Vallone’s trash talk

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Councilmember Peter Vallone Jr. is telling illegal garbage dumpers where they can stick their trash.

Vallone, who observed personal garbage in a public receptacle outside his office, is outraged that some citizens view the city as their private dumping ground.

“I was walking into my office in the rain and I noticed one of the garbage cans outside was stuffed up with personal garbage. I passed it and got angry,” said Vallone. “This is something a lot of people are not aware of, but they see these overflowing garbage cans and a lot of times they assume it’s because they haven’t been emptied. But a lot of times it’s because pigs think they can dump their garbage in public property.”

Vallone proceeded to remove the refuse and inspect it in search of the “swine’s” identity. He says he found a magazine with a name and address, which he has passed on to the Department of Sanitation for enforcement.

“I have your last name and address. Expect a visit from Sanitation to your pigsty,” Vallone posted on his Facebook page on January 17.

Beyond singular civilians, Vallone also believes businesses are dumping their trash in public cans for financial benefits.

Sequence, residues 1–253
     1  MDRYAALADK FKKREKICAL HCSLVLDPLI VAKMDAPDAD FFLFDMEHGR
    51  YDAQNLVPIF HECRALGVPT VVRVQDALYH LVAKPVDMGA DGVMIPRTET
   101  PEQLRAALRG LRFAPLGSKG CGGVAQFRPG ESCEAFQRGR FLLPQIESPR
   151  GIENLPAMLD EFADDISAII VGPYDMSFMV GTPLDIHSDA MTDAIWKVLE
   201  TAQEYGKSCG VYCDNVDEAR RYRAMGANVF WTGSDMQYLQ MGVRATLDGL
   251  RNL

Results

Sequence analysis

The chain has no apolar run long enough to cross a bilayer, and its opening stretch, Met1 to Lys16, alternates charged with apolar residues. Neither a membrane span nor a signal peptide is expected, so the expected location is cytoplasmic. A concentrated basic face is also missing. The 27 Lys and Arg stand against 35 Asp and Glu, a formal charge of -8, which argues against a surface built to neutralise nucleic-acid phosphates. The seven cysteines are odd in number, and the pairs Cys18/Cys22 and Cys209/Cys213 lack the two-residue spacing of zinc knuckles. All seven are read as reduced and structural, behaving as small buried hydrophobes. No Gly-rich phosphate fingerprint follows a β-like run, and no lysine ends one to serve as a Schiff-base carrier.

“Businesses try to avoid paying for a private trash removal company by emptying into public dumpsters,” said the councilmember. “Private people who do it are either too lazy or too stupid to figure out pick up days. But either way it causes our neighborhood to look dirty.”

According to the Department of Sanitation (DSNY), 793 fines were issued for illegal dumping of residential garbage in street bins in Queens in 2011 – down from 887 violations in 2010. Fines increased by roughly 47 percent citywide, however, from 2,512 in 2010 to 3,681 in 2011.

DSNY spokesperson Kathy Dawkins says the city is doing whatever it can to enforce what is considered a “well-known law.”

“It is important to know that people are not supposed to put their household trash in the litter baskets,” Dawkins said. “We are responding to commercial areas where merchants are concerned about this problem, as well as to complaints by politicians.”

To discourage dumpers, Vallone said he has introduced legislation that would increase the fine for a first offense from $100 to $200.

According to the councilmember, the key to cutting down the dumping is notifying the city by registering complaints with 3-1-1.

“Enforcement is complaint driven,” said Vallone. “Sanitation does not have the resources to investigate every garbage can. We have to do a better job of letting them know where this is a problem.”